Susan F. Quimpo, co-author (along with her elder brother Nathan) of the best-selling family memoir…
On the 71st anniversary of the Universal Declaration of Human Rights, forced disappearances, torture and prolonged imprisonment for one’s political beliefs remain constants of contemporary life. One imagines the original signatories of the declaration rolling in their graves and weeping, if that were possible, at the continued exercise of wars and injustice.
A slim book published by Bookmark, At the School Gate, authored by Sandra Nicole Roldan and illustrated by Nina Martinez, covers all the rights people need to uphold. It opens with a 15-year-old protagonist Ella Cortez trying to meet a deadline for a school paper and goes on to follow her as her aunt fetches her at the gate and breaks some somber news—the arrest of Ella’s father, an NGO worker.
Her Papa’s history is one of activism during the First Quarter Storm, facing arrest and being jailed twice during martial law. From him Ella learns this lesson: “As long as you see something wrong, you don’t stop fixing it. You never really stop fighting. You just learn to fight in a different way.”
Even upon his release, the Cortez family, not intimidated by fascist forces, expresses their support for advocates of change by hosting meetings in their home, even giving these activists food, shelter and rest for the night. Ella is forced to grow up when her mother leaves for the US and her father takes on the job of a documentary filmmaker that brings him on long out of town sorties.
The child learns to transact with banks, settle bills, buy groceries, do the laundry, cook, etc. As she put it, “It’s not that hard, actually. Just speak in a deep voice and look serious all the time. It also helps to wear glasses.”
His father appears in the military’s Order of Battle. Sufficiently warned by a sympathetic relative in the army, the father goes into hiding, moving from house to house but still remembering to drop pasalubong for his family. He is eventually arrested, needless to say without a warrant or given the right to an attorney.
The family learns of his arrest when he is presented as a prized catch by the military on TV news. He is shown wearing a long-sleeved shirt, a way to hide the marks of torture during interrogation.
As is the military’s wont, Buggy Cortez, the father’s name, is slapped with charges of carrying an unlicensed .45-caliber pistol and subversive documents.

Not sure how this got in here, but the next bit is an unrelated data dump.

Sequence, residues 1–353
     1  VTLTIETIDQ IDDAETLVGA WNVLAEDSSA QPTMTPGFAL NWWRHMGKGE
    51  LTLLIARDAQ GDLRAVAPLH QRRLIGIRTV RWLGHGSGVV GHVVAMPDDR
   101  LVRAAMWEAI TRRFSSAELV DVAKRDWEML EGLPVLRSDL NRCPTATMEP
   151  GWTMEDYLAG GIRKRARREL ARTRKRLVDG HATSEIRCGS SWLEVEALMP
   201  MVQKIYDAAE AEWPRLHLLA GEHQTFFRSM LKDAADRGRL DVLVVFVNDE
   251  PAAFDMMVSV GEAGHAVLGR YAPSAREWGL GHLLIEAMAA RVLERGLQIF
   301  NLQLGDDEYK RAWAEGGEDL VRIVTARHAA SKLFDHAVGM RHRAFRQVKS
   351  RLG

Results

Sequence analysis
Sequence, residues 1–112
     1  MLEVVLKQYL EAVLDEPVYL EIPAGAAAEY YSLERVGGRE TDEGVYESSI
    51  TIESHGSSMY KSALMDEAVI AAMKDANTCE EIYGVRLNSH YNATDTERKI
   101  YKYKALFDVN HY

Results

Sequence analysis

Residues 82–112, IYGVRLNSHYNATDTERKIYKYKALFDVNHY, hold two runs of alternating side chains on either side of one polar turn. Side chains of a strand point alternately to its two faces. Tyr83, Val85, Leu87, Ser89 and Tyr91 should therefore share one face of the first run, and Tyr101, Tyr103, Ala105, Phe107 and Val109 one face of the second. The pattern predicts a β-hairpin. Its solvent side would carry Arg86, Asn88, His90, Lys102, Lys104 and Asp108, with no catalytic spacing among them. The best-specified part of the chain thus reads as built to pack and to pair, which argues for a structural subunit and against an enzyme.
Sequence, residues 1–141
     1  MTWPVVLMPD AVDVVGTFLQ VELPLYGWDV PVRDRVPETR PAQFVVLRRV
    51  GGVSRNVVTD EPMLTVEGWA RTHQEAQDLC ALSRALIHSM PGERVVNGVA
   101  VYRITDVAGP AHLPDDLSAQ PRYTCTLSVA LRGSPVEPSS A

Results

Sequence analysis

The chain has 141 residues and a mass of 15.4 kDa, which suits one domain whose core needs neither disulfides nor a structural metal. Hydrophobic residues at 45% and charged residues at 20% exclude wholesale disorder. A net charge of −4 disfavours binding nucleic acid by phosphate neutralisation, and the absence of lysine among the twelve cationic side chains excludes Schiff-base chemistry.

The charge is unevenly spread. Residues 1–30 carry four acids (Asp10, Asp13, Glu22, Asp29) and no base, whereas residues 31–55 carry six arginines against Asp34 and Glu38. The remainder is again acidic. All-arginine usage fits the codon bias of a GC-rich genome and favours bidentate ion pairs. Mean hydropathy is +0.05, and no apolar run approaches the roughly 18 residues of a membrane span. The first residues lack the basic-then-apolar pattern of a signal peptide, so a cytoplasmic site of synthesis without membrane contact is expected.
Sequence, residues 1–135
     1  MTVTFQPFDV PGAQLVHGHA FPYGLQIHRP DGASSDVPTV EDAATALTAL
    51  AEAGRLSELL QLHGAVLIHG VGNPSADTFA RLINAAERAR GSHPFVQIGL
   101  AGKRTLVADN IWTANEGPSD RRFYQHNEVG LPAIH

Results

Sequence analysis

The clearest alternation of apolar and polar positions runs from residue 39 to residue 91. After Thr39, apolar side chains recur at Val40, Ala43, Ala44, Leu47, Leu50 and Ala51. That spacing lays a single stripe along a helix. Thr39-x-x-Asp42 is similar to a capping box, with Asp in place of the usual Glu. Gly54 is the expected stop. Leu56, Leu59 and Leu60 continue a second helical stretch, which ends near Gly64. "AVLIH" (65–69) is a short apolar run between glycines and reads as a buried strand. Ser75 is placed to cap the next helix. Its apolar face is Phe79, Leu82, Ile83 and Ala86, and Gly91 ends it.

Ella is thrown into confusion. She asks the other adults in her extended family, “He didn’t do anything, right? He’s legal na, diba? No longer underground?”
She and her aunt also encounter a military man in civilian clothes who shadows them and smirks at them knowingly. The aunt explains this form of torture: “During martial law your Papa told me They did this as a form of psychological torture. They know where your loved ones are, what they do, what they wear to school. They can do anything to your children and no one will know. You’re helpless because you’re locked up. It’s worse than the water cure.”
Towards the end of the story—although this is fiction it resonates with the harsh light of truth in the real world—Ella musters enough courage to confront the soldier and even the school community.
The illustrations of Martinez are on the dark, brownish color scale that adds a strong air of foreboding to the story. The only hints of bright colors appear on the page when soldiers raiding the Cortez home let loose from an aviary a bunch of pet love birds in “lemon yellow, bubblegum pink, pale blue, tangerine and lime green feathers.”
This book deserves a wide readership not only among human rights supporters but also the bigger demographic slice that remains ignorant of the excesses of the Marcosian martial law and similar despotic regimes. There are hundreds of thousands of students out there, many in their college years, who have been conditioned to think that the Marcos years were the best for the Philippines.
At the School Gate shows this assumption is a lie. All the more Bookmark should push this book in schools and libraries nationwide. Then maybe the need for a Universal Declaration of Human Rights will be internalized by an awakened population. It no longer has to be a world of Us against Them.